Airbus Breaks Boeing's Near-Monopoly in Japan

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Japan Airlines announced Monday that it has ordered 31 long-haul A350 jets from Airbus , expected to replace aging Boeing 777s that are due to come out of service over the next decade. The deal would be worth nearly $10 billion at list prices, though the airline likely negotiated a considerable discount. It also purchased an option to buy an additional 25 A350s, which, if executed, would make its A350 rival its Boeing 787 Dreamliner fleet. This marks the first time that Japan Airlines has ordered from Airbus over Boeing. For Airbus, this is a major entry point into the Japanese market , which has been a Boeing stronghold for more than half a century.

Just three years ago, Boeing had virtually locked its archrival out of Japan, with Airbus controlling a mere 2% of the commercial jet market. Today, that figure has grown to 12%. Monday's deal, the largest ever in Japan for Airbus, shows that it will continue to grow at Boeing's expense in what used to be the latter's second home.

Boeing's relationship with its Japanese partners goes back to the post-war reconstruction period, during which American forces disallowed Japan from building a domestic aviation industry and American and Japanese industry became economically and politically intertwined, with Japanese companies supplying parts to American plane makers.  Boeing has invested heavily in the relationship: Around a third of the parts of its flagship 787 Dreamliner, including the wings, were assembled by Japanese suppliers. In return, Japanese carriers All Nippon Airways and Japan Airlines were the biggest launch customers for the 787, and together operate over a third of the global Dreamliner fleet.

And yet, the Dreamliner itself may be playing a part in Airbus' entry into Japan.. The problem-plagued plane was delivered to its launch customers more than three years behind schedule, and since airlines set their routes well in advance, that played havoc with customers' scheduling. Once the plane was finally rolled out, the worldwide fleet was swiftly grounded for a further three months while Boeing addressed a problem with the Dreamliner's batteries that caused planes to catch fire. This has shaken airlines' confidence that Boeing can deliver working products on time.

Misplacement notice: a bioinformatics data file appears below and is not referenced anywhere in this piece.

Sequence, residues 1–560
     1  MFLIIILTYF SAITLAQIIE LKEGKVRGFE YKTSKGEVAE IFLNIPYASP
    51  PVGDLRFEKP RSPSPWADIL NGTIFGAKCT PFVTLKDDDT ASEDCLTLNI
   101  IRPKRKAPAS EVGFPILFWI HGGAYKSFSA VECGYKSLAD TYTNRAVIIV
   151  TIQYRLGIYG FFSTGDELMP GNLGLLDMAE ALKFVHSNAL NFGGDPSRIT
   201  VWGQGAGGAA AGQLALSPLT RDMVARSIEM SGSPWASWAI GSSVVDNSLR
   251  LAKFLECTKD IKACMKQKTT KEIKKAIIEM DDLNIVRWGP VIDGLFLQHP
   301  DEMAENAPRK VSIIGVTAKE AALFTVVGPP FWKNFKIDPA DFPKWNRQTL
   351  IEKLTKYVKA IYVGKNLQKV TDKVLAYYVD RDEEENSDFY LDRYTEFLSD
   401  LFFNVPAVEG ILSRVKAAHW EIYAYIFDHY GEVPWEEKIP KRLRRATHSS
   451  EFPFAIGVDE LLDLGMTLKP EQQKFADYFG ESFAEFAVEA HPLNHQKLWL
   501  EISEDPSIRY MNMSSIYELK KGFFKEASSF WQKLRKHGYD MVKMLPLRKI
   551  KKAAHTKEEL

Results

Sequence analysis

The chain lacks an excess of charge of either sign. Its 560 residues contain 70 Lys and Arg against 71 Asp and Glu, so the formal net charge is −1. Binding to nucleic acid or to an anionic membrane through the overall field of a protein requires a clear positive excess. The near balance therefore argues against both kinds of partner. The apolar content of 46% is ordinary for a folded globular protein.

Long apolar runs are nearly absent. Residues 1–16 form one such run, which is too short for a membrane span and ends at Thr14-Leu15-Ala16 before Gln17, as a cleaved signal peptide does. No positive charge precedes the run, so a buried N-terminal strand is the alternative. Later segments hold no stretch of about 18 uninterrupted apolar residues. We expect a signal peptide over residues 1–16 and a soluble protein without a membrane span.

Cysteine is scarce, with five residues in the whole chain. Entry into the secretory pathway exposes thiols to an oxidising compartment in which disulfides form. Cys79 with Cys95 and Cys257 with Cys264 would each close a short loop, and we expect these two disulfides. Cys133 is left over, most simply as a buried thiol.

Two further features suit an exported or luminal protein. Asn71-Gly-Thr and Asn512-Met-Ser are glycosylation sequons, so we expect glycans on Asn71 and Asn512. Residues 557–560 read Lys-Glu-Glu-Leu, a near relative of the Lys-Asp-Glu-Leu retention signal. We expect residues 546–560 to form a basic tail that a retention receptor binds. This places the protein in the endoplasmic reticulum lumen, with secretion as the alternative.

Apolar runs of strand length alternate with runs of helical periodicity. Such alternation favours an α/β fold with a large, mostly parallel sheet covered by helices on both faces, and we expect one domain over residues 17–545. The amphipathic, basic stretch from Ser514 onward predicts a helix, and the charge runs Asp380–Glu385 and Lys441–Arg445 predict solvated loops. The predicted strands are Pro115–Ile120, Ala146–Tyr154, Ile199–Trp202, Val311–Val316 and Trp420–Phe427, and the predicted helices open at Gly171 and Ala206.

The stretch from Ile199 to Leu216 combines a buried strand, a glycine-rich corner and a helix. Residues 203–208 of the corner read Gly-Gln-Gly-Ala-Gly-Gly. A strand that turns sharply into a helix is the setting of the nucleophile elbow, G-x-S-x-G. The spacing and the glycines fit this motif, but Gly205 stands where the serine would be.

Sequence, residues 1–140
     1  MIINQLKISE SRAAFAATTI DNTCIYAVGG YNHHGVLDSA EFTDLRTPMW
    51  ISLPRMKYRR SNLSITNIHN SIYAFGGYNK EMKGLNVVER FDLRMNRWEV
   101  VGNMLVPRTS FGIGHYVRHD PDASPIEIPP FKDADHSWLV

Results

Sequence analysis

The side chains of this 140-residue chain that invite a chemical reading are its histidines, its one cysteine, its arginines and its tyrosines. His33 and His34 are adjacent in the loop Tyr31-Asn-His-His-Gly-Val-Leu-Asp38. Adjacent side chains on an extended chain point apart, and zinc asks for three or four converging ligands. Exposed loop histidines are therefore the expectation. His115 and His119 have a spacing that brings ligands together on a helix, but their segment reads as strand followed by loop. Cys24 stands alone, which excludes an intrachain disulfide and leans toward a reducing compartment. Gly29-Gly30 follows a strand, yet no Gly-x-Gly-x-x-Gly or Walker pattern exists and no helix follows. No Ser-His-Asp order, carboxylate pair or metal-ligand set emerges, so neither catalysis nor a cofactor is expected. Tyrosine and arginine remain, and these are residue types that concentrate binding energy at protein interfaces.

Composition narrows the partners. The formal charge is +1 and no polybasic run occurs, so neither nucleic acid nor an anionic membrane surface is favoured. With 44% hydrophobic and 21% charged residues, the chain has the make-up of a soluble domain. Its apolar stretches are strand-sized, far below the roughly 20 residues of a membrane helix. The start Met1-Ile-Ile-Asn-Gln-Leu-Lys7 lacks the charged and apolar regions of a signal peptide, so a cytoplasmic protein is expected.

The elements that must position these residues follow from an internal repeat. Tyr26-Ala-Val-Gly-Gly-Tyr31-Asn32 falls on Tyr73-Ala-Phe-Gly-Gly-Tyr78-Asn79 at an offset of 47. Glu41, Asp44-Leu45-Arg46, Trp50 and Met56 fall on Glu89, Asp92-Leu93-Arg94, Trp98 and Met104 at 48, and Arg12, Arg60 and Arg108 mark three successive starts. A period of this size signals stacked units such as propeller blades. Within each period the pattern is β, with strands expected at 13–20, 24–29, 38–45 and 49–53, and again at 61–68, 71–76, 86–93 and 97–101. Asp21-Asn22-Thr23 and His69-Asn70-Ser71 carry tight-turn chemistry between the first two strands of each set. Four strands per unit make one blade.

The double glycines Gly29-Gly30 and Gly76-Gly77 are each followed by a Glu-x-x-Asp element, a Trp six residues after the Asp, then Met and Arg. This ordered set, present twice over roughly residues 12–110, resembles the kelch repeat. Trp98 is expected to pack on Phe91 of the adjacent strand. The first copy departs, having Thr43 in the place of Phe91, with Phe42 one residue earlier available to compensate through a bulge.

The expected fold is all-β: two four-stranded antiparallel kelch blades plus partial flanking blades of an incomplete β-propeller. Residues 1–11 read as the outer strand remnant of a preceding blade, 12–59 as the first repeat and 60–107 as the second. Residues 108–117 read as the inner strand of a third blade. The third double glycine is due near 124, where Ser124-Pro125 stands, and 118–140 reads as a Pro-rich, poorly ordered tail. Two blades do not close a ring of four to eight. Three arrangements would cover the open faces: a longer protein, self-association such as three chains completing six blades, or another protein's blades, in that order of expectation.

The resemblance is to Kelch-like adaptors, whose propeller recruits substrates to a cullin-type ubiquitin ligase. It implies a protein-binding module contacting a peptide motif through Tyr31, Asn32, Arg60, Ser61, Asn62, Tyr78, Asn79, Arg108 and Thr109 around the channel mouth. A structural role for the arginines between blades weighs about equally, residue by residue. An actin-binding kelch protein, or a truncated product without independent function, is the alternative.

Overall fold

Japan Airlines President Yoshiharu Ueki claimed publicly that these problems didn't affect his decision. The airline was deciding between Airbus' A350 or Boeing's upcoming redesigned 777, not the 787, and Japan Airlines' decision seems to have been made on price and year of availability, with the A350 expected to enter service in 2019 to Boeing's expectation of delivering the 777X in 2020. But Shinichiro Ito, the head of Japan Airlines' rival All Nippon Airways, told Reuters last month that his airline would indeed consider the risk of late deliveries when it replaces its aging 777 fleet, expected to be worth about 30 new orders. If Airbus wins these orders as well, Boeing could lose what would otherwise likely be the launch customers for the new 777 design. As these key airlines train pilots on Airbus systems and build relationships with Airbus, it could get harder and harder for Boeing to maintain its dominant market share.

The bright side
While Boeing faced a certain setback in Japan, bulls can take comfort in Boeing's record-breaking $410 billion order backlog, enough to keep the company busy for years. With global passenger travel historically increasing faster than the rate of global economic growth, Boeing could push this record backlog even higher in the event of a sustained recovery. The Motley Fool has compiled a special free report, "3 Strong Buys for a Global Economic Recovery," detailing how Boeing and two other companies are poised to profit from a faster recovery. Click here to read the full report!

The article Airbus Breaks Boeing's Near-Monopoly in Japan originally appeared on

Fool contributor Daniel Ferry has no position in any stocks mentioned. The Motley Fool has no position in any of the stocks mentioned. Try any of our Foolish newsletter services free for 30 days. We Fools may not all hold the same opinions, but we all believe that considering a diverse range of insights makes us better investors. The Motley Fool has a disclosure policy.

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